Serbia: Amnesty International deplores Roma Gypsy resettlements
last update: October 17, 16:54
Belgrade, 17 Oct. (AKI) – Amnesty International on Wednesday sharply criticised Serbian authorities for forcibly resettling Roma Gypsies in the capital Belgrade earlier this year and called for legislation banning such evictions.
"The mass forced eviction demonstrates the need for legislative changes in Serbia. The authorities need to urgently adopt a law which prohibits forced evictions and sets out safeguards that must be complied with prior to any eviction so that the right to adequate housing and other human rights of any community due for evictions are respected," Amnesty said.
In April, Belgrade authorities removed about 1,000 Roma Gypsies from an encampment in a shopping centre in New Belgrade, where they were living in cardboard shacks.
The Roma Gypsies were resettled to containers with water and electricity located in several areas on the outskirts of the city and elsewhere in Serbia, worsening the plight of many, according to Amnesty.
In Serbia, many of the resettled Roma, who earned living by collecting and recycling materials in the centre of Belgrade, complained that finding work in the new locations was impossible.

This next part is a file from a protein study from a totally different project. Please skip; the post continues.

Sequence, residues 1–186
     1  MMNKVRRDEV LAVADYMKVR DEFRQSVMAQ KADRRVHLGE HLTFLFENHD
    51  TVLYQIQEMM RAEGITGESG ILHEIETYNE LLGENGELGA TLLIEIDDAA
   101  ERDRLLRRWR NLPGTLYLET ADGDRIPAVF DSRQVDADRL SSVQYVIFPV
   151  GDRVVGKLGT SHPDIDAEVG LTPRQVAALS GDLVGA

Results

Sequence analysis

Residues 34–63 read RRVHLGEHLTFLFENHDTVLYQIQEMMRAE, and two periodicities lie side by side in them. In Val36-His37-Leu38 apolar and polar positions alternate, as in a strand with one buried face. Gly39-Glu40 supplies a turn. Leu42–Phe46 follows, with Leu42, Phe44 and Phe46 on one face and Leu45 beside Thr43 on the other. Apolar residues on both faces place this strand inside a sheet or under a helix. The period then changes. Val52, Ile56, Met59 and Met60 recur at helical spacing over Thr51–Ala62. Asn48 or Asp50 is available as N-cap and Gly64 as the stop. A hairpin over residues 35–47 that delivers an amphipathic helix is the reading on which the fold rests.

“Without work, many families are now dependent on the authorities for food, and have difficulty in accessing healthcare and other services,” Amnesty said.
Belgrade mayor Dragan Djilas has said the city could not afford “luxury appartments” for the resettled Roma, saying they had been offered much better conditions than they had in the Belvil shopping centre and were treated much better than in some European countries.
But Amnesty disputed Djilas' arguments.
“While the Belgrade authorities claim that they aimed to improve the situation of Roma by evicting them from Belvil, many have ended up in a far worse situation,” said Sian Jones, Amnesty International’s expert on Serbia.
“For many Roma who were sent back to southern Serbia, the lack of consultation or alternative housing options means that they have been returned to municipalities where they are homeless, and where there is no work,” Jones said.
“International standards clearly state evictions may only be carried out as a last resort, once all other feasible alternatives have been explored in genuine consultation with affected people. This was clearly not the case with the residents of Belvil,” Jones concluded.
Rome city council adopted a similar policy of demolishing encampments and forcibly resettling their inhabitants in containers on the outskirts of the capital, drawing criticism from Roma Gypsy leaders and rights watchdogs.
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